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Pearl of Great Price
| A dime a dozen|
The Pearl of Great Price is a book of Mormon scripture. Together with the King James Bible, the Book of Mormon, and the Doctrine and Covenants, these constitute the scriptures of the Church of Latter Day Saints. The text is not accepted as canonical by the Community of Christ, a rival Latter-Day Saint religion. It is perhaps the strangest and most obviously fabricated text among the four. The title is a reference to the Parable of the Pearl told by Jesus.
The Pearl of Great Price contains five texts: the Book of Moses, the Book of Abraham, Joseph Smith's edition of the Gospel of Matthew, a brief autobiography by Smith, and the Mormon Articles of Faith. Of these texts, the Book of Moses and the Book of Abraham are of the greatest literary and investigative interest.
Book of Moses
The Book of Moses is an apocryphal text attributed, of course, to Moses, containing a prologue to the creation of the universe. Parts of it are cribbed from the Book of Genesis, with Smith's additions and commentary presented as part of the text. It purports to document a heavenly ascent by Moses, where he was raptured up to Heaven and conversed with God. It teaches the theory of Mormon theology that all humans are the physical offspring of God, who begat them in something akin to the usual way with a "Heavenly Mother", along with Jesus and Satan. Jesus and Satan are everybody's brothers.
Book of Abraham
“”If you could hie to Kolob In the twinkling of an eye,
And then continue onward With that same speed to fly,
Do you think that you could ever, Through all eternity,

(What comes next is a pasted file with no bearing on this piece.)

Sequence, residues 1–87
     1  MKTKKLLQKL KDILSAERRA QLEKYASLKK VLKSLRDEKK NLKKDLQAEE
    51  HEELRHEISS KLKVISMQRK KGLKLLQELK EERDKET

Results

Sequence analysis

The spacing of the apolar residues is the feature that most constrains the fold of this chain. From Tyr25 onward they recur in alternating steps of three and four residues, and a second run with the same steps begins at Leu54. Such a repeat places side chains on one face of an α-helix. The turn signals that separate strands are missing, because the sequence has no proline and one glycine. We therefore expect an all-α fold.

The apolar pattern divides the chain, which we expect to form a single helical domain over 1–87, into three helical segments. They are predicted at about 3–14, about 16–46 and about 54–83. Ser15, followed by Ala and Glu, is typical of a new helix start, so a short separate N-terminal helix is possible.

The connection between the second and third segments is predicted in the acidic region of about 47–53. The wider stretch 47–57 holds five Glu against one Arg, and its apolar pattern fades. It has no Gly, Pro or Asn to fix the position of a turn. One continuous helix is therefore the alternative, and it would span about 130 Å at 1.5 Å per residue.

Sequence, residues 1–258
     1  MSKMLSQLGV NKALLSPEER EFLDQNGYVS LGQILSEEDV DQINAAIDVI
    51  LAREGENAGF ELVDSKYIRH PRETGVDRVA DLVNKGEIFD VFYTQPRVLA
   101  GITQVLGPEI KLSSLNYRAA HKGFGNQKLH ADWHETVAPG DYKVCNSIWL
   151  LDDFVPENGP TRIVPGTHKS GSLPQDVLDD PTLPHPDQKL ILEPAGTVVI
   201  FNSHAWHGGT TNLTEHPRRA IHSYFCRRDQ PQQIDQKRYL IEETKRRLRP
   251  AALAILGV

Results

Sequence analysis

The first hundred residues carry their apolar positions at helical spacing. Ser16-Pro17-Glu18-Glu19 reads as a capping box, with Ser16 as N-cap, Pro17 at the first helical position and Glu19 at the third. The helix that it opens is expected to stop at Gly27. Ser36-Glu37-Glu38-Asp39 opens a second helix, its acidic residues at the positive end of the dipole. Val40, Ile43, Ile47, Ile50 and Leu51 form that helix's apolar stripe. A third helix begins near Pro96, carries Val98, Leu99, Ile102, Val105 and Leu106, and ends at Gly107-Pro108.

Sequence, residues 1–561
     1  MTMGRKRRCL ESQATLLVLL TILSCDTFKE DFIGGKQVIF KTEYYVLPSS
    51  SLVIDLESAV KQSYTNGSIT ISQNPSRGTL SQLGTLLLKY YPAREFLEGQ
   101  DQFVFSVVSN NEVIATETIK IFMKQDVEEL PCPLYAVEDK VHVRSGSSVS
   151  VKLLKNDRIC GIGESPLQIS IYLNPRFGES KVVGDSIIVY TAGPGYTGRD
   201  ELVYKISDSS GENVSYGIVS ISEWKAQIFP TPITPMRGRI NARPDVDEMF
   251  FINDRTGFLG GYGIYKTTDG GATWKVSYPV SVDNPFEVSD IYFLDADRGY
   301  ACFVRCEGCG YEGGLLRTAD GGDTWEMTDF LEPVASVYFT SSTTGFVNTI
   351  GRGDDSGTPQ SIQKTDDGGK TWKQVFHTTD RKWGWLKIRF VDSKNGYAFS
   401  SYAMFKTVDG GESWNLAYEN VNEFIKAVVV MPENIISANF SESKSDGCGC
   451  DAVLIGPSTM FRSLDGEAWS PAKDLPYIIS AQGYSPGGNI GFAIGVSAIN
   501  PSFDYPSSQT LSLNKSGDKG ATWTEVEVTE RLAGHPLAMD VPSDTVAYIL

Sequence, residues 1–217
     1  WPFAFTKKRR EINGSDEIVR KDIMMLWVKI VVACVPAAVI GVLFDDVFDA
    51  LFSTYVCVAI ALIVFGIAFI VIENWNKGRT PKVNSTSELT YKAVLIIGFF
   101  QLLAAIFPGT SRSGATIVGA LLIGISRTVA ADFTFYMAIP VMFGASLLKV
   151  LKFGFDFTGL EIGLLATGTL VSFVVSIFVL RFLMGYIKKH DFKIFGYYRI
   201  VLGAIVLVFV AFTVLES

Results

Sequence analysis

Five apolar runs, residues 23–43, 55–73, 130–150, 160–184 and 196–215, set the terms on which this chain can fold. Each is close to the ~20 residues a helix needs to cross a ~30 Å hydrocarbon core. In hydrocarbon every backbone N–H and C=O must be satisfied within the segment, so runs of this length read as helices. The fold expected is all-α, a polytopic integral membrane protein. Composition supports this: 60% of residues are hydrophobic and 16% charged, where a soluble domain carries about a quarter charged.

Find out the generation Where Gods began to be?
|—W. W. Phelps, If You Could Hie to Kolob, traditional Mormon hymn.|
The Book of Abraham is even more interesting. Its theological significance is as an exposition of the Mormon priesthood. It represents Smith's clueless interpretation of several Ancient Egyptian papyri, the chief of which is one of many copies of the Egyptian Book of Breathing or Opening of the Mouth, a late recension of the Book of the Dead buried with mummies, that Smith got a hold of. Champollion's work on deciphering ancient Egyptian had not penetrated the United States at the time, so Smith's interpretation was made without the benefit of any real understanding of ancient Egyptian. The papyri were brought to the United States to be sold to benefit an estate; they came to Smith's attention during his sojourn in Kirtland, Ohio, and Smith acquired them for the sum of $2,400 in 1835, a prodigious sum at the time. The original papyri were thought lost in the Great Chicago Fire. However, portions of Smith's papyri were discovered by a Coptic scholar in 1966, who revealed their survival to the LDS church. Subsequently, the Church bought the papyri, which are held in its archives as the Joseph Smith Papyri.